When I was younger I remember trying to separate female traits from black female traits. My purpose was not that to say there is no overlap. Of course there is. But I was fighting for my specific identity. I was fighting for Kellye Whitney’s right to exist, to work, to smile, laugh and be ambitious in a unique space separate from black Kellye Whitney. Black Kellye had to deal with a lot of foolishness.
I was trying to stop those annoying ass responses like “You go girl!” Or, “Okay, girlfriend!” whenever I did something at work that others associated with blackness. These phrases were often trilled at full volume, complete with accompanying facial expressions and body language. It was like walking around with a perpetual sign over my head that said “black girl.” FYI, if you use those phrases, especially to black coworkers, please cease and desist immediately. It’s dated, ridiculous and more often than not, it’s rude.
In the past, I did anything I could to avoid the black part of me because it can be a barrier, and I’m ambitious, always have been. I changed a lot about myself trying to fit into the mold I thought was most desirable for work. It worked, up to a point.
Now, I’m not sure I want to separate these two integral pieces of me. And for real? Who has the time? I’m black. I’m female, I’m Kellye. I’m a lot of things, and I’m not interested in parsing myself into sections to make it easier for others to understand me.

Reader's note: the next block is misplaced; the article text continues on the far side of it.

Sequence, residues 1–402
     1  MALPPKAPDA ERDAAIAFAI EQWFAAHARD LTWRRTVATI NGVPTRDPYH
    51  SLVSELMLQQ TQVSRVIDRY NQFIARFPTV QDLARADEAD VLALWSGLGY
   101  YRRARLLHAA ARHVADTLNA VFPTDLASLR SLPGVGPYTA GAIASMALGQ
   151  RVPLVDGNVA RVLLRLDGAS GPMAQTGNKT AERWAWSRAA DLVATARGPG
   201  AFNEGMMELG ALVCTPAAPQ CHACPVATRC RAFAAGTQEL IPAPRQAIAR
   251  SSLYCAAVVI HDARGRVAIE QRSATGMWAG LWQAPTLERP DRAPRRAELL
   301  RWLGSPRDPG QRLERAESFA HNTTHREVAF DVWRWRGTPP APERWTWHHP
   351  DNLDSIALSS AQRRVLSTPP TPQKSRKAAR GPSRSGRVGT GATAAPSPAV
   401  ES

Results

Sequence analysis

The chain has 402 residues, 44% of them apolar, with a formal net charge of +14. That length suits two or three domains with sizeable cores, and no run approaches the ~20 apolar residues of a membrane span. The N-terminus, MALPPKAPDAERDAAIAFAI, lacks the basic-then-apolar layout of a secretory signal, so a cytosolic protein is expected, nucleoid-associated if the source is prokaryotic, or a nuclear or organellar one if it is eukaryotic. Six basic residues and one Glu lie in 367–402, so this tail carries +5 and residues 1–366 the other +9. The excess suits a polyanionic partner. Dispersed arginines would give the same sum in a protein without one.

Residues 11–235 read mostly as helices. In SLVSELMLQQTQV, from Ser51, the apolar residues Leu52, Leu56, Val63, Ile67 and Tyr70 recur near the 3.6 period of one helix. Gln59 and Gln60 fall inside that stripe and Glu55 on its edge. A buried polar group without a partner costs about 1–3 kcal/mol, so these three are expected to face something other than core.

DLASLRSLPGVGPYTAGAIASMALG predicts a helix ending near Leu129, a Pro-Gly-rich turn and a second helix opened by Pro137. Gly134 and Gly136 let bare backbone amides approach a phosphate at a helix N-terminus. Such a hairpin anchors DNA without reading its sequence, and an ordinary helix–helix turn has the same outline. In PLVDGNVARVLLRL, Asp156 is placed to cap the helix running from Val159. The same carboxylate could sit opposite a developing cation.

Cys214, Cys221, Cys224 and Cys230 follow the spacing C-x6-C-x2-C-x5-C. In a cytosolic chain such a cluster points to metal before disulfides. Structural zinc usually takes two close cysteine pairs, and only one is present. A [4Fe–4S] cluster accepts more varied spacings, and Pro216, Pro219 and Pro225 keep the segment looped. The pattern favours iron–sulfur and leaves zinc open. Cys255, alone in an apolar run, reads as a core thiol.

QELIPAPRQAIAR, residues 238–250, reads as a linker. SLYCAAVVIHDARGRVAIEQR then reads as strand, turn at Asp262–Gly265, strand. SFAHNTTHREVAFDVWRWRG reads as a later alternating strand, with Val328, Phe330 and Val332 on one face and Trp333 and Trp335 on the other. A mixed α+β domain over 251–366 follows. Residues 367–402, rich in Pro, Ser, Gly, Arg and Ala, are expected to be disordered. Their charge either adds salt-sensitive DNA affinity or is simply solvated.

I run a business. I have family, friends, books to write, YouTube videos to make. And nowhere in there is it important for my success that I devote valuable resources to making other people comfortable. Frankly, I don’t get why that’s necessary anyway.
It’s 2017. It’s not unusual to see a Black woman like me. Is it? If you want to get to know me, it’s not hard. Just talk to me. Listen to me. Treat me like a human being. My humanity preempts my blackness, my femaleness, and even my name.
I say all this to begin a conversation about the lack of black females in leadership. Fortune ran a piece earlier this month, The Black Ceiling: Why African-American Women Aren’t Making It to the Top in Corporate America. It’s an interesting piece that begins with a dismal stat: Since Ursula Burns stepped down as CEO of Xerox in 2016, there are no black women running Fortune 500 companies.
According to the article, despite being the most educated demographic in America, black women aren’t repping the C-suite in corporate America much at all. Why? The article listed quite a few reasons, but these stuck out for me:
There’s a “black ceiling” as well as a glass ceiling. The black ceiling is comprised of multiple socioeconomic factors. For instance, black women are having a tough time closing the familiarity gap with white men, the people in positions of power. That whole double minority thing – being black and female – is a barrier to us having white men as mentors and sponsors. And we need them to teach us the ropes and open the doors we need to walk through to sit down at the table.